# Find equation of a plane containing two lines

## Homework Statement

find the equation of the plane that contains the line r_1(t) = (t,2t,3t) and r_2(t)=(3t,t,8t)

## The Attempt at a Solution

i don't know where to start...my book does not have an example similar. can somebody just point me to the right direction?

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Mark44
Mentor
Each of your line equations defines a vector with the same direction as the line. Find the cross product of these vectors to get a third vector, say <a, b, c>. That will be a normal to the plane. Find a point on either of your given lines, say (x0, y0, z0).

Use the normal and the given point to write the equation of the plane as a(x - x0) + b(y - y0) + c(z - z0) = 0.

$$r_1=t(1,2,3)$$

$$r_2=t(3,1,8)$$

Both $$\vec{v}_1=\left(\begin{array}{c} 1 \\ 2 \\ 3\end{array}\right)$$ and $$\vec{v}_2=\left(\begin{array}{c} 3 \\ 1 \\ 8\end{array}\right)$$ are in the plane.

So $$\vec{n}=\vec{v}_1 \times \vec{v}_2=\left(\begin{array}{c} 13 \\ 1 \\ -5\end{array}\right)$$ is normal to the plane.

Hence the equation:

$$13x+y-5z=0$$

Mark44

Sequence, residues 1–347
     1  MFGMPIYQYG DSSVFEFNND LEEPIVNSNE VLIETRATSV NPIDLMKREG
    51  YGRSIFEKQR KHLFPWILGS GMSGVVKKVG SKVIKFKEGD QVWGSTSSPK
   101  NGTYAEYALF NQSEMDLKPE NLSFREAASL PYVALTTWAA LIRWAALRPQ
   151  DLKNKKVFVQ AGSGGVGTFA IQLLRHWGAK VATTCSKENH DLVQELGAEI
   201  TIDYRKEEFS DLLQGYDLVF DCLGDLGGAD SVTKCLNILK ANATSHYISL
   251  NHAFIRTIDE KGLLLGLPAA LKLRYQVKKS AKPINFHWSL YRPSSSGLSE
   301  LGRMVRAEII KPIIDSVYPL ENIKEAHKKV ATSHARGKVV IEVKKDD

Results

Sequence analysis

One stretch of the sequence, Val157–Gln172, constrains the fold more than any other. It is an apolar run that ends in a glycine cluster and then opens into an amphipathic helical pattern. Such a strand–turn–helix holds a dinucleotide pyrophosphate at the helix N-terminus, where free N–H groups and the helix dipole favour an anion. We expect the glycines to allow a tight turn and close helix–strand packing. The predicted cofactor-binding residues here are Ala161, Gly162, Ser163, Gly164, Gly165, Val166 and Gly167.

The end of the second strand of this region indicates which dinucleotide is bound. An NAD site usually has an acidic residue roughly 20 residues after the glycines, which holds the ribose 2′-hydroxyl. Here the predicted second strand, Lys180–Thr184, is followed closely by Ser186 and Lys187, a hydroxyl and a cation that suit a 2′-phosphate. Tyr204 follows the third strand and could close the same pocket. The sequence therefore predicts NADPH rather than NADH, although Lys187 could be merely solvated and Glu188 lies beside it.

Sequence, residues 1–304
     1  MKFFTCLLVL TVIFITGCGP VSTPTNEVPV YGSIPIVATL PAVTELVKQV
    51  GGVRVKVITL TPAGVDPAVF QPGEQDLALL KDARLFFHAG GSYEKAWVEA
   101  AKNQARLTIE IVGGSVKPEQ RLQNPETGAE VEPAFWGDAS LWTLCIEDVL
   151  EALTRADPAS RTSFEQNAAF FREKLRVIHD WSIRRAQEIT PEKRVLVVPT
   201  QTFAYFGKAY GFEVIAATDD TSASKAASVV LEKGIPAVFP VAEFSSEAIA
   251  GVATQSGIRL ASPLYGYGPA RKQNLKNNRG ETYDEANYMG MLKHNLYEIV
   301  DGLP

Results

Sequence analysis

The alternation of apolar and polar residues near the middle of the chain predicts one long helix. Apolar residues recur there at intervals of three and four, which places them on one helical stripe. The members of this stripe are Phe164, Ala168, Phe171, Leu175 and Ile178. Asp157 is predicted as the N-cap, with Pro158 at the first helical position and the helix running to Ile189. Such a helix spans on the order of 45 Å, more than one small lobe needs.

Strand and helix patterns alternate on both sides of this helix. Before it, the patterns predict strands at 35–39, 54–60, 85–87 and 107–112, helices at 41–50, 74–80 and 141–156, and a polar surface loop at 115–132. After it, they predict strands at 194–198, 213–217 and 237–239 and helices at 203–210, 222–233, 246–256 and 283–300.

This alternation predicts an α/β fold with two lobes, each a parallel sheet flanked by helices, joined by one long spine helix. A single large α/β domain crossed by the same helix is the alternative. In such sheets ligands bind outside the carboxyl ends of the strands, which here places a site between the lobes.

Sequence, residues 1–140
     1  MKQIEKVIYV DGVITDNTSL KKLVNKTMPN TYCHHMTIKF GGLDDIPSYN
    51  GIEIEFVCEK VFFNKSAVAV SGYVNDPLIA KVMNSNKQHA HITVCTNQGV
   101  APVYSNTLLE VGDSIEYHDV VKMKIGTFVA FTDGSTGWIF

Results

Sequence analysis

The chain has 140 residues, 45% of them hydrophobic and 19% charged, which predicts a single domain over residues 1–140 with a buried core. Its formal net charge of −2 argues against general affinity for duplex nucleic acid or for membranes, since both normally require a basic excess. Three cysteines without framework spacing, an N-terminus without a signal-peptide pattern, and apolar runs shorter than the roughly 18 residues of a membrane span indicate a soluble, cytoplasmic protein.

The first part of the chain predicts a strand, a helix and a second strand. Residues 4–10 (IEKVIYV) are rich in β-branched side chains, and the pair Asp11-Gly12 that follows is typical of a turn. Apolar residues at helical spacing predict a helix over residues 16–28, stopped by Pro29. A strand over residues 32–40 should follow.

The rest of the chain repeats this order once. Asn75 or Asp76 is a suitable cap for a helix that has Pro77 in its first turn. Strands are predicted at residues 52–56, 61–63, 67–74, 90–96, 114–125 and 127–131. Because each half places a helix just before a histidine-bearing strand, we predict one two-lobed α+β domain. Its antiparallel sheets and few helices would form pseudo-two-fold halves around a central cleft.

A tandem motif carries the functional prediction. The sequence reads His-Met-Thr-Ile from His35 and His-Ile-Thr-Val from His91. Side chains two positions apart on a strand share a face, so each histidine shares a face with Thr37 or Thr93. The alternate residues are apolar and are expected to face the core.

Mentor
Donaldos,
It is the policy of this forum to provide help to a poster, but not to give a complete answer to someone's problem.

ok i got the answer, but when i did the cross product my answers sitll have the t in them

my ans is 13t2x+t2y-5t2z = 0

the books answer is exactly that but without the t's

Donaldos,
It is the policy of this forum to provide help to a poster, but not to give a complete answer to someone's problem.
I'm sorry. I'll keep that in mind.

i see donaldos wrote r with the t outside before doing the determinant...what happens to that?

Mark44
Mentor
All you need is any old vector that is parallel to the line, so any multiple of the vector will still be parallel. The t multiplier can be any real value, so it's convenient to let t = 1.